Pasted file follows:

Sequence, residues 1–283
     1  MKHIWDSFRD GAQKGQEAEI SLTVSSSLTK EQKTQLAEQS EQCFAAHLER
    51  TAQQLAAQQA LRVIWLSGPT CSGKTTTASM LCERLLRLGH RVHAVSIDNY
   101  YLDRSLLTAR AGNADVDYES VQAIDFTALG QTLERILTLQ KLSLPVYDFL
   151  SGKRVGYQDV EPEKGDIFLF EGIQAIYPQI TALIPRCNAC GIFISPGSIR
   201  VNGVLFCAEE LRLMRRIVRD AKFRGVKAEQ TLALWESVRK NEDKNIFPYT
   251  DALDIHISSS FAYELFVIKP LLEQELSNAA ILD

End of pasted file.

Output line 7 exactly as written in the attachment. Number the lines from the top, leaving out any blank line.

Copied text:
   251  DALDIHISSS FAYELFVIKP LLEQELSNAA ILD